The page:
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Walrus


Walrus

The Walrus' Latin name, Odobenus rosmarus, means "tooth-walking sea cow." The walrus uses its prominent tusks to pull its bulk from the ocean onto pack ice. The process looks like the walrus is walking on its tusks, hence the name. The walrus is a single species but has two subspecies—the Pacific Walrus and the Atlantic Walrus. Both subspecies are similar in appearance, diet and behavior with the Pacific Walrus tending to be a little larger. Atlantic Walruses are found in the Eastern and High Arctic, including Baffin Bay and Lancaster Sound. The Pacific Walrus inhabits the Bering, Chukchi, and Laptev Seas.

The most recognizable characteristics of the walrus are its long tusks and whiskery mouth. The tusks are modified upper canines. They are used to help the walrus "haul out" and open escape and breathing holes in ice floes. Both males and females grow tusks, but male tusks are generally longer. Tusks are not used when gathering food, but they do play an important role in mating and dominance displays among bulls (male walruses). The displaying of tusks, followed by their use as weapons, helps establish hierarchy within the herds and ownership of female harems. The skin on the back and neck of a walrus is particularly thick to protect them from "tusking," but injury frequently occurs, and occasionally, death.

The walrus' whiskers, or vibrissae, are not hairs, but extremely sensitive, tactile organs, much like a cat's whiskers. As the walrus roots about in the poor visibility of the ocean bottom, its vibrissae (which are attached to an extensive neural system) relay tactile information to the brain, helping it to find food. The walrus eats mollusks, snails, crabs and sea cucumbers. It may occasionally eat fish, octopus or even seal if other food sources are scarce.

Walrus are massive animals. They easily reach weights of 2,000 – 3,000 lbs and can grow to 12 feet in length. The only pinniped that can outgrow a walrus is the Elephant Seal. Walruses have a thick hide and a generous blubber layer that keeps them warm as they swim in the arctic waters and lay on the pack ice. The skin on the bottom of their flippers is thick and rough to provide protection and traction on the ice. The walrus's hind flippers can rotate under its pelvis, allowing it to walk on all fours. Walruses are generally a grayish-brown in color, but this can change do to a network of small blood vessels in their skin layer. In cold water, the blood vessels contract, preserving body heat and the walrus can appear almost white. Conversely, when the walrus is basking in the arctic sun, the blood vessels dilate to cool the body and give the walrus a red sun-burned look.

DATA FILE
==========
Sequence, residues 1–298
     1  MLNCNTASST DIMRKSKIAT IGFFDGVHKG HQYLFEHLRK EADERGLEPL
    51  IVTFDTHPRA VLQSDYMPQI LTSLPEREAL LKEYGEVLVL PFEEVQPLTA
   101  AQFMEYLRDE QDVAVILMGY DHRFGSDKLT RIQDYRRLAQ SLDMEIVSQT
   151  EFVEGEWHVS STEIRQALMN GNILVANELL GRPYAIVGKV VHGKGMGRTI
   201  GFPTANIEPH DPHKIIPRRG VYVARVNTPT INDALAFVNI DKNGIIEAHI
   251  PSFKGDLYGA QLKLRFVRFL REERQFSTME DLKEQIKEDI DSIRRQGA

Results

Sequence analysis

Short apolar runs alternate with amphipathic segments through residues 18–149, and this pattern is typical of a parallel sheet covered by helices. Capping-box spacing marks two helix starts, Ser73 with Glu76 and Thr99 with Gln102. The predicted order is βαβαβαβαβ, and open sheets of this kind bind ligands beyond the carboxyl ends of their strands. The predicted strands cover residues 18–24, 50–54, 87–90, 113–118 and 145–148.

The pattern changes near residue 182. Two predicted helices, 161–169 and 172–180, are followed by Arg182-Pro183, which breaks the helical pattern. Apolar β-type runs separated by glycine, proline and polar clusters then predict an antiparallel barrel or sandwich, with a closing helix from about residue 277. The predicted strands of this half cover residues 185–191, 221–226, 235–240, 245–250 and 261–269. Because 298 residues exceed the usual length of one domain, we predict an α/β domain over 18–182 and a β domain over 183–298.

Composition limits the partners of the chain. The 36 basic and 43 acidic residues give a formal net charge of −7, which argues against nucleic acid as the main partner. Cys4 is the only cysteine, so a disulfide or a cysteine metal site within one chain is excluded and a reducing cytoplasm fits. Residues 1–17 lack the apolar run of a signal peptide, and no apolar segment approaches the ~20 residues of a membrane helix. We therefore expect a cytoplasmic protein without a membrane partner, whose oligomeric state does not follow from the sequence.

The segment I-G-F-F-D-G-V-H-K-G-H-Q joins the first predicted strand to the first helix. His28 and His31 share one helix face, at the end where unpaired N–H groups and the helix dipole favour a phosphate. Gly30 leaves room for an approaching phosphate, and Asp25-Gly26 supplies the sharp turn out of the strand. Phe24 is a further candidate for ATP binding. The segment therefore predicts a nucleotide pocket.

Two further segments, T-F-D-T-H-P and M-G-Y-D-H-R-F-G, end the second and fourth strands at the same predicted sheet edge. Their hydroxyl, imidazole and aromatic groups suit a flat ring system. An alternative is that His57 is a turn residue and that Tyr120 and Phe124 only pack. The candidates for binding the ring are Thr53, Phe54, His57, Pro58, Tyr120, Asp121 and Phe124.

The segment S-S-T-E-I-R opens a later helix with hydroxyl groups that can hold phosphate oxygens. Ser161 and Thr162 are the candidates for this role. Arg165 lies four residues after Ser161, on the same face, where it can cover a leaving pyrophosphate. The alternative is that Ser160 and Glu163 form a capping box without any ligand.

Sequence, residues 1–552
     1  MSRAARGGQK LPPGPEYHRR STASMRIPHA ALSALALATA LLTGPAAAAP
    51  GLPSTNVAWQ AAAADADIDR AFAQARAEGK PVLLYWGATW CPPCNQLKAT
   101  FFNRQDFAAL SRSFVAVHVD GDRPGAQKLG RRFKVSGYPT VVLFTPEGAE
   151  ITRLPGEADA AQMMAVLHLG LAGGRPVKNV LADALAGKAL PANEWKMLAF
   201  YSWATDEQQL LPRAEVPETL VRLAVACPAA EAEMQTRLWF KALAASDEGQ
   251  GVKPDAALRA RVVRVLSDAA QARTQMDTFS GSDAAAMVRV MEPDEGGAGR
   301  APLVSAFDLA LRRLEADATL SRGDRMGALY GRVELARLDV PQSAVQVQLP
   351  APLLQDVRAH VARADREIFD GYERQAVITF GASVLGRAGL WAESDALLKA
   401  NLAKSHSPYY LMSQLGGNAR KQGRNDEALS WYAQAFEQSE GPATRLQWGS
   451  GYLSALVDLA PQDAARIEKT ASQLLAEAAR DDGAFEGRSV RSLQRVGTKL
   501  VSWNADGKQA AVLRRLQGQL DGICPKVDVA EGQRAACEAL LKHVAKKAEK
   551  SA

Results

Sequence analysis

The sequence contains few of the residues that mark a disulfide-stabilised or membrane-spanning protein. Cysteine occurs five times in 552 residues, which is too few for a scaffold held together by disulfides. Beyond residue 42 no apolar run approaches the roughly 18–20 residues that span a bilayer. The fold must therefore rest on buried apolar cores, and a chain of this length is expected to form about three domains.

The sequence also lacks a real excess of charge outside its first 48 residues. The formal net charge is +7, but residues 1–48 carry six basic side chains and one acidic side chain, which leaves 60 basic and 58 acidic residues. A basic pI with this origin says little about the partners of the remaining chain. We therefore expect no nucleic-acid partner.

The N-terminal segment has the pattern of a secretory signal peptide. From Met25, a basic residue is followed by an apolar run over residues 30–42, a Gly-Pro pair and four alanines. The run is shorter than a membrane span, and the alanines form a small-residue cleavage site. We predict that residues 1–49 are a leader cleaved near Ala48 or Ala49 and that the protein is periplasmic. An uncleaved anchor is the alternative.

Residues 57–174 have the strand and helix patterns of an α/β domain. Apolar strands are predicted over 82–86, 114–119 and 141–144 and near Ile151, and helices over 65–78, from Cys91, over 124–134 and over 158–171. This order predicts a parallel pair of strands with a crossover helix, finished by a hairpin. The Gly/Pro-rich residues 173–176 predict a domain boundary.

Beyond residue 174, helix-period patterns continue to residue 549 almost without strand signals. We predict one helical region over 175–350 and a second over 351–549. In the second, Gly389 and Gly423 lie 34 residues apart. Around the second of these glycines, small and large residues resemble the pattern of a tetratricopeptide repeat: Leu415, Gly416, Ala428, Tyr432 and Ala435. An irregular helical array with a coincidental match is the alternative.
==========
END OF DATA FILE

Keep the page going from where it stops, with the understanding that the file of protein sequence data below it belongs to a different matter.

Walruses are extremely noisy and social, cramming onto beaches and ice floes by the thousands. Walruses segregate their herds - males, females and females with calves. Walrus mothers are very protective of their young and shelter them between their foreflippers. If danger approaches, the mother will grab her calf with her flippers and dive into open water. Calves will frequently ride on their mother's back while swimming and while on land. Elevating the calf from the tight packing of the herd keeps them from being accidentally crushed. Males who seek to mate swim in front of beached herds of receptive females, creating visual and vocal displays. Females who are interested leave the ice and mating takes place in the water. Due to delayed implantation of the embryo, gestation lasts 15 months. Walrus cows haul out to give birth to their one calf. The calf will stay with her and her herd, being nursed and protected for the next 2 years. At this time, the female will be ready to mate again. If the calf is male, he will leave his mother to join his own all-male herd. If the calf is female, she will usually stay with her mother's herd.

Fun Walrus Facts

- Walruses have been close to extinction on a couple of occasions due to overhunting. Walrus tusks, oil, skin and meat were highly valued in the 18th and 19th centuries. Only indigenous peoples of the arctic are currently allowed to hunt walrus and there is a limit on numbers that can be killed.

- Walruses make noise both above and below the water. They are the most garrulous of pinnipeds and snort, roar, whistle, grunt, bark, rasp and click. Below the water they will click, nock and tap as well as make bell-like sounds from air sacs in their pharynx.

- When startled, walruses stampede for open water, occasionally crushing calves in the process. This is probably why most females and calves form separate herds.

- Walruses don't have very good eyesight, but their hearing and sense of smell is excellent. Touch is also an important sense in walrus communities. Walruses seek physical contact with each other.

- Walruses squirt jets of water from their mouths to excavate shellfish, clams and other food.

References

National Geographic

Sea World

Canadian Geographic


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